I can see that. Dexter's romance would probably be the more dramatic of the two. As for whether or not Helena's job would require her to keep secrets from the protagonist, the answer would have to be yes. Since her reports are strictly off-limits she would have to constantly lie to the protagonist, romanced or not, about their condition and what it means to be an Angel. The drama of her romance would probably be centered around what she knows that the protagonist doesn't know, about themself no less.
Just for the sake of my own sanity and perspective if anyone wants I'll put the current votes here:
Get rid of Dexter: 2
Get rid of Helena: 1
Helena seems boring in comparison to Dexter. How many science fiction books let a possible romance be a doctor? On the other hand, how many science fiction books let a possible romance be that crazy guy living in your head?... Not too many.
Plus, Dexter seems pretty interesting with his pranks. "I wake up in the morning and realize that all of my shirts have been taped to the hallways. Dexter is at it again." The options for adding humor would be limitless. From the sounds of this book, it would be rather dark; therefore, Dexter would be a valuable addition to the story. Helena... not as much.
My vote is to keep Dexter.
Also, does a massive, white sphere resurrect the Angels? I hope not.
Helena would end up in the story no matter what, but if she's not a romance she'll just be that one side character who's mainly used to transition in between the different chapters. Dexter would really be the only one who if he's not a possible romance would be taken out of the story completely.
And, yeah, I can see the value in that. Especially if the protagonist wakes up and has to explain to everyone why they've been sleepwalking and taping up all their shirts during the night. That'd be awkward to say the least. But good comedy to break up some of the more serious aspects.
And, luckily, no, a massive white sphere does not resurrect Angels. It's more of a mad-man's lab, strapped down to the table when you finally awaken just in case you happen to go crazy upon being awakened.
I stopped reading that book when I realized it was by Stephanie Meyer. Wasn't the whole romance between two individuals in one body loving the same individual? Do they get into a romance with each other?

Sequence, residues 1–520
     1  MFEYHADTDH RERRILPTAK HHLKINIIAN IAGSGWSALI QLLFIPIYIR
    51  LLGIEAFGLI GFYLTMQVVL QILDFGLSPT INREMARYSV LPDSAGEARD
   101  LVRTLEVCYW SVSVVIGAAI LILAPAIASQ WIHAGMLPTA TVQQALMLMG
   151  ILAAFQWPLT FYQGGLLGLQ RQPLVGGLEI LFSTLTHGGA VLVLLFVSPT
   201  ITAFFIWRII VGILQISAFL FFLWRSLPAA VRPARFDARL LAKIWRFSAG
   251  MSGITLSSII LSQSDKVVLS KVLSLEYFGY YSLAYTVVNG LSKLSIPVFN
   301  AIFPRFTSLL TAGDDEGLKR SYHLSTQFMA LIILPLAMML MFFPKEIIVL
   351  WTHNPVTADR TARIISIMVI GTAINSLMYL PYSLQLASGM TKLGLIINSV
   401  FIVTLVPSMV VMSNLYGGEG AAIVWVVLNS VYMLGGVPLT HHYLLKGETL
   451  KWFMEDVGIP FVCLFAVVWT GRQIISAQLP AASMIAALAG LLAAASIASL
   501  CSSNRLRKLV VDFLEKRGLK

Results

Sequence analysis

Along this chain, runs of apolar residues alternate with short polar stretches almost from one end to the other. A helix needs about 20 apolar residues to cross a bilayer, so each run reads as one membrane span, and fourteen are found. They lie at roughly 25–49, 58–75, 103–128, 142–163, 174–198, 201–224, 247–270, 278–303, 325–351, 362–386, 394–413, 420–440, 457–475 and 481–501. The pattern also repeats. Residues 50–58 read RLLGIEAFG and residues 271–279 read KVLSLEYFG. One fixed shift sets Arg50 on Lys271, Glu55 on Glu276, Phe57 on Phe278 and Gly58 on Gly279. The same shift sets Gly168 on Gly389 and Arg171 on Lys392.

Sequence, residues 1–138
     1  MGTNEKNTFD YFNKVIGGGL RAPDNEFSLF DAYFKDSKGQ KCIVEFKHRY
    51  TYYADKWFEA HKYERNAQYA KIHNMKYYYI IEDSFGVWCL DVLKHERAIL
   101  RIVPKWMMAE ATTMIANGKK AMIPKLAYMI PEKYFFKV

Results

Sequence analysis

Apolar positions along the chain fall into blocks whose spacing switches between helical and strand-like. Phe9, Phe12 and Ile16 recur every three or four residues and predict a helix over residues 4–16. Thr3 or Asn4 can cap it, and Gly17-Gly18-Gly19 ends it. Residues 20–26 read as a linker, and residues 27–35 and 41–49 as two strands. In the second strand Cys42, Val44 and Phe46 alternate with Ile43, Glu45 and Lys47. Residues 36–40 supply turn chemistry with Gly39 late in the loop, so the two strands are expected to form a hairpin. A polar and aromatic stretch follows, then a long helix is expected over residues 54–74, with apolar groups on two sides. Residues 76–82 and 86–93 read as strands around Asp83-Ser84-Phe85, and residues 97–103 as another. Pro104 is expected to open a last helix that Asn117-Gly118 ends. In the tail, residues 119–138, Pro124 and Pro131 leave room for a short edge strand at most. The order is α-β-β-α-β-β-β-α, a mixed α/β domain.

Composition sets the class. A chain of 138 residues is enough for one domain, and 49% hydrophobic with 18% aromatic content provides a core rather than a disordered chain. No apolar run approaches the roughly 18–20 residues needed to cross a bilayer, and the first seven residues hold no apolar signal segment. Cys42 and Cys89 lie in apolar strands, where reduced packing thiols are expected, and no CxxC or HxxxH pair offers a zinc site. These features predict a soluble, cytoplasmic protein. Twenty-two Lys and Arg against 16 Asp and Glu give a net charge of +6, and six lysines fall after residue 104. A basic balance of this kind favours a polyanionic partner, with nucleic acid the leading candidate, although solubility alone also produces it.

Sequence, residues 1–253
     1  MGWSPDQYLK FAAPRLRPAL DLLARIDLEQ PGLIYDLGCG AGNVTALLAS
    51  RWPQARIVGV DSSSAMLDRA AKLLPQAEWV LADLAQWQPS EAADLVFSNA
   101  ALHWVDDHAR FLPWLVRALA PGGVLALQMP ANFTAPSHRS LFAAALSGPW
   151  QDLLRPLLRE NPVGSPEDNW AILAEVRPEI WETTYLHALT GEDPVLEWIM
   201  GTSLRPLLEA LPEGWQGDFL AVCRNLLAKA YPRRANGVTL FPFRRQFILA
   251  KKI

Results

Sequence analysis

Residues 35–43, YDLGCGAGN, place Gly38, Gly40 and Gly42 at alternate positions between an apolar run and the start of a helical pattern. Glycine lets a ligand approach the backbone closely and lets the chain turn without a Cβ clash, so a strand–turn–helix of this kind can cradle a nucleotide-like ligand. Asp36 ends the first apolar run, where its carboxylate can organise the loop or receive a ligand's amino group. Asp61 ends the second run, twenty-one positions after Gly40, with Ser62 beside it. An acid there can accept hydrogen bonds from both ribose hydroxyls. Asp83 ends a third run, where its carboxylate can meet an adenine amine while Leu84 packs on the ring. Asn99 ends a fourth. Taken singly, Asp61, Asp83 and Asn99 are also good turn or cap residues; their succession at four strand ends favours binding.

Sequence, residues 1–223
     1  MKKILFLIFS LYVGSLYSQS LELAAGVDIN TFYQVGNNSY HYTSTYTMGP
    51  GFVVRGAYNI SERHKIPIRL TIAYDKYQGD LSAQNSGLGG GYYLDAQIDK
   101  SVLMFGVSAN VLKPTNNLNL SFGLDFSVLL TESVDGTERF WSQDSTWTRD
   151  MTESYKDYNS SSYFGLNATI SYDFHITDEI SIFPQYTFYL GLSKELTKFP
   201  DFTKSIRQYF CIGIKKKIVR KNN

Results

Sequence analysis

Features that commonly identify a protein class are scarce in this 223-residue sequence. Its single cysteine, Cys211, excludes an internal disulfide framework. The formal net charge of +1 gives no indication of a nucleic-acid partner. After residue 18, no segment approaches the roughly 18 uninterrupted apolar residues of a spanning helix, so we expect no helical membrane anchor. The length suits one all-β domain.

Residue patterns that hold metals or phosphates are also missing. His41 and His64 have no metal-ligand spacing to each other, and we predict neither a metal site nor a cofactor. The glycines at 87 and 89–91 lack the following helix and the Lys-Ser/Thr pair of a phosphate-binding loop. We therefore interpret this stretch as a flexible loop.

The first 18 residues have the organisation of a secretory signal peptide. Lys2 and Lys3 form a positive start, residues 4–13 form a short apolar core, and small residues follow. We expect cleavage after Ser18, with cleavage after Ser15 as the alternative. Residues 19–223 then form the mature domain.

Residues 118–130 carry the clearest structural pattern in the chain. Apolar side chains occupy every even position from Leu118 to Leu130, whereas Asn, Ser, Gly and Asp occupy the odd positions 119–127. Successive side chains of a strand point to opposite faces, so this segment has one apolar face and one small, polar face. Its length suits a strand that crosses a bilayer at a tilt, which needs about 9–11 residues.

I saw the two consciousnesses / one body romance thing way before Meyer ever did it. She doesn't own the concept and it has been done well.
I've read a few that are similar, although I'm no familiar with Stephanie Meyer's work (heard of her... vampires, right? Twilight? I gave it a go when my friend urged me to, but promptly dropped it because the protagonist was just... unbearable. Not a fan of her style, so I've avoided her other work.) But none in the actual "hey, here's this person who is literally in the same body as you, have fun." More in a telepathic-communication kind of way. But if so, should I change up the idea a little then to make it more original?
As for not writing him out... well, he doesn't really serve much to the plot other than his romantic side-plot and a bit more information on how being an Angel works (something both he and Helena can explain, hence it came down to the two of them since they were the most interchangeable), so either way I think he's going to end up being a romance option you can chose to pursue or just befriend (in which case he will get his own body back still, so you won't have to go through the awkward experience of romancing someone else with this other person constantly commenting in your head), or just not be in the story altogether.
Also, thank you very much!
I've only seen the movie which wasn't great, but if I recall that was two consciousness in the same body that both wanted to romance different people, rather than each other.
Shit, everyone's making good Points. I gotta change my mind and vote in favour of keeping Dexter as a romance, now.
I hope the protagonist gets consent every time he masturbates or else this relationship will be a disturbingly abusive one.
Update on votes:
Get rid of Helena: 2
Well I'm not going to cast a vote but I like the concept of Angels and these two characters that you've created. I feel like Dexter would be the more interesting one, especially if you're going to romance him, but you've said yourself on this thread that you have a stronger voice for Helena. I think it should be up to you and what you feel is right. Unfortunately, as a writer sometimes you do have to cut loose the ideas that you do like for the good of the story overall. Is it possible that you'd remove either one of the characters are a romanceable one but then keep them as a non-romanceable one? Or was that the idea in the first place?
Dexter would probably be removed completely, since both he and Helena would have supplied more information on how the Angels worked I figured they were the most interchangeable romance options plot-wise. Helena would still be kept around if she's not romanceable... but on a very, very minor scale. Perhaps Dexter could be kept in if it turns out he's non-romanceable, but as a previously failed experiment? Instead of an actual person you meet he could play into the protagonist finding out more about the Angels and the consequences of it going wrong through data files about someone named 'Dexter'. That would be pretty interesting...
Thank you very much for your advice! I think it'll help me whether or not Dexter turns out romanceable.
Okay so the current votes are now
So it looks like Helena is probably going to be the person who's non-romanceable, which means Dexter's going to stay in.